At some point in your life you're likely going to be unemployed. Maybe you’re unemployed now. I know what it’s like. One week before I began my Yoga Teacher Training program my new job fell through, and I was left to struggle through my emotions on being unemployed while I was also subsequently learning how to be a yoga teacher. Experiencing these two transformative life experiences at the same time led to many deeply revelatory moments interspersed with a lot of crying and “woe is me” moments. Hey, we’re all human. During this time of stress and uncertainty, I found deep comfort in my yoga practice. Here are some of the insights I learned during this time.
1. Impermanence is a steadfast part of the human condition.
The Yoga Sutras and the Buddha both stress this, yet we silly humans tend to forget this. We think the good times will last forever. Likewise, when things are terrible, we are sure our circumstances will never change. The good news (or the bad news, depending on which situation you’re in) is that whether you like it or not, change is going to come. When you’re unemployed it can feel like you’re in a sinkhole that's slowly pulling you under. It’s better to think of your life as an art palette on which your life is continually being painted.
2. The concept of ishvarapranidhana, roughly translated as “surrender to God,” is important.
Being unemployed, I found a great deal of solace (as well as initial annoyance) in this belief. Many of us who are taught that our life is of our own making find this a tough concept to embrace. We believe that if we continue to endlessly exert ourselves we'll get what we want.
It's hard to embrace the fact that much of our life is out of our control. We may submit job
application after job application, endlessly network and job search and still feel like we've gotten nowhere at the end of the day. In these trying times, we have to remember that sometimes our situations are not of our own doing. There's good luck and bad luck. Ultimately, we must accept that, at times, we are in God’s hands.
3. One of the most damaging aspects of unemployment is what it does to our self-esteem.
When we're gainfully employed we tend to self-identify as our profession, and view our profession as our purpose for being on this earth. Without this employment, we're forced to determine who we are without work. Our pain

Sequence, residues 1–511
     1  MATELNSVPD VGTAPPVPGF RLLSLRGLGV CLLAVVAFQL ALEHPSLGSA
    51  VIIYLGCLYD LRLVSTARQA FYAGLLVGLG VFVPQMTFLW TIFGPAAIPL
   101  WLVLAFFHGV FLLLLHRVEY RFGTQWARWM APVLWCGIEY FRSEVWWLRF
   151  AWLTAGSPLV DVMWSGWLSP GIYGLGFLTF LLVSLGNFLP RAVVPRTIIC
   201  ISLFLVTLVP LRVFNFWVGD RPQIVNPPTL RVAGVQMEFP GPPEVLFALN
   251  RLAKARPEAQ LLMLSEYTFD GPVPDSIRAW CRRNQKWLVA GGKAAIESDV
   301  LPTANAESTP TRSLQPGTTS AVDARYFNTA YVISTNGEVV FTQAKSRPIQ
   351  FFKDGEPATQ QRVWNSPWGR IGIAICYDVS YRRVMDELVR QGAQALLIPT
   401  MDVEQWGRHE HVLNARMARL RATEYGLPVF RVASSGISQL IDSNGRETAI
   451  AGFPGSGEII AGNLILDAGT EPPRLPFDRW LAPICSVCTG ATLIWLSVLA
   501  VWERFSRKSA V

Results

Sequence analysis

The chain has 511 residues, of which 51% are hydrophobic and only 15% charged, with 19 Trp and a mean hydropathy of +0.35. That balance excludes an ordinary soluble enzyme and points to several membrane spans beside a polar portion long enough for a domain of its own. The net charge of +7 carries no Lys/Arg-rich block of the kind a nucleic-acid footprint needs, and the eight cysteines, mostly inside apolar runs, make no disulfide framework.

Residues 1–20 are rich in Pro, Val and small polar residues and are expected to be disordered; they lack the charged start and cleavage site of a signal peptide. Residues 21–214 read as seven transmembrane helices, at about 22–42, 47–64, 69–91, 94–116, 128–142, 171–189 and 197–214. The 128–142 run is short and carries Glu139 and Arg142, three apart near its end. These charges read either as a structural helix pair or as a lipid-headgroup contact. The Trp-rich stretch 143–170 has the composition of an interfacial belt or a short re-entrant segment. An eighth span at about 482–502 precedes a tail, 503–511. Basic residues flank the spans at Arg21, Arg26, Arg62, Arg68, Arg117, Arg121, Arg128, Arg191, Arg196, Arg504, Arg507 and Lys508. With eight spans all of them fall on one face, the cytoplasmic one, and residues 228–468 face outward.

and discomfort comes from false identification — that is, we view our true nature as being our profession, when in fact our true nature never changes, no matter what we do, who we love, or where we live. This part of us is always whole and always perfect.
4. When you're employed, it is easy to get attached to the industry or community that we work in.
Unemployment can be a double whammy to many people because, along with losing our job, we lose the community that we existed in and we can feel shut out, unwelcome, and unworthy. The Yoga
Sutras warn of the dangers of attachment. One of the benefits of unemployment is, free of the attachments of a steady position, we can truly and critically assess what we want and where we want to belong. This time and space for true clarity is usually lacking when we're comfortably in a steady position.
Unemployment is scary. It's also a deeply personal experience. I've found that my yoga practice comforted me while I was unemployed by reminding me that the pain of my experience, like every other experience in life, would pass. It also provided me an intensive period in which to examine myself, my failings, my triumphs, and my hopes and dreams for the future. In many ways, unemployment, like yoga, has the potential to be extremely illuminating if we are open to it.
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